Written and Directed by Michael Rosetti
Deep in an abandoned factory lives Scion; lonely and crippled, he hobbles along, trying to create a companion. When a mysterious man stumbles into the factory Scion eagerly follows him and the two develop an odd relationship, ultimately changing Scion’s insulated existence forever. Creation and destruction are bound together in a story of the search for meaning and existence.
I was stunned by Scion. At only 12 minutes long, and with only a single line of dialogue, Scion is a beautiful movie with delicate performances. Shot on 35mm by Greg Mitnick, Scion’s urban grunge post-apocalyptic setting is filmed with the light and composition of a Vermeer.
In fact, my recommendation to the programming committee went something like this:
Fucking brilliant. Beautiful, sad, poignant, elegant and hopeful… Scion tackles nothing less than the handoff of Earth from one species to another — and does it with compassion and without judgment.
At least, that’s what I got from it. I chatted with writer/director Michael Rosetti, and he had this to say about the film.
CS: I’ve been moved to contact only one other filmmaker [from the SCFF submissions], but have only followed through with you because I think what you’ve done is extraordinary. Scion is my hands down favorite film screened to date.
MR: Wow, thank you so much. That’s the nicest thing I’ve heard about the film so far. The festival thing has been pretty hit and miss so far with Scion, but I’m hoping it will pick up.
CS: The film is beautiful. Tell me about your DP.
MR: The DP, Greg Mitnick, is really amazing… his website is superpeking.com.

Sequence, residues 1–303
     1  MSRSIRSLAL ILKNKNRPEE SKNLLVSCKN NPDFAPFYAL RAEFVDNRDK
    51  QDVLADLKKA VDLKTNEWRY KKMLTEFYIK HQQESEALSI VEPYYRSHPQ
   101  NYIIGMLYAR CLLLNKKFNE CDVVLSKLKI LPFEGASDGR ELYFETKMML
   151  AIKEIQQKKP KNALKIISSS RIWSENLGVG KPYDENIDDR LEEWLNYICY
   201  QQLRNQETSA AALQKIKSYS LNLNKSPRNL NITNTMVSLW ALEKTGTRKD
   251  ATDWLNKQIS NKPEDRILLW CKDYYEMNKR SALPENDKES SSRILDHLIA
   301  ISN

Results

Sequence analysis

CS: I’d be curious to hear from you what the film’s intent was… not just narratively but conceptually or philosophically. It would be interesting to know how close my interpretations are to your intentions.
MR: Well I had a lot of ideas behind the film….I made it party because of that location which I had seen about a year before and just really wanted to shoot something there, and then I saw Daft Punk’s “Electroma” and was really intrigued by it – it’s about two robots that want to be human and are exiled by their robot community.
So it got me thinking about what really is the essence of being human and kinda whittled it down to the ability to willingly create and willingly destroy. So the film is basically concerned with the question of which one of those is the key to being a human and which one is simply animalistic.
Ultimately I think it’s both, so in the film each of the characters is really just on one side or the other. Morton is the creator, but he’s really an enigma until he decides to destroy Scion. Scion is a creator but doesn’t make the transition to a being a human until he experiences the desire to destroy.
There are also some threads of religion – basically that people move farther forward the more they leave behind the idea of a creator or someone/something that is there to fix you and solve your problems. It could also be seen as being self-sufficient, moving away from parents, from teachers, whatever. Scion is able to leave the factory and enter the world only after he no longer needs to depend on his creator. When he can fix himself he can move on.
CS: Seems like my take was on the right track, though maybe an overly simplistic interpretation. Nevertheless, as such I thought it was an elegantly simple and beautiful illustration of a watershed moment in future history.
MR: Thanks again for all your support, it’s really encouraging.
Complete crew info can be found on the JSOK Films website.
DP Greg Mitnick: superpeking.com.
Mike Rosetti’s reel: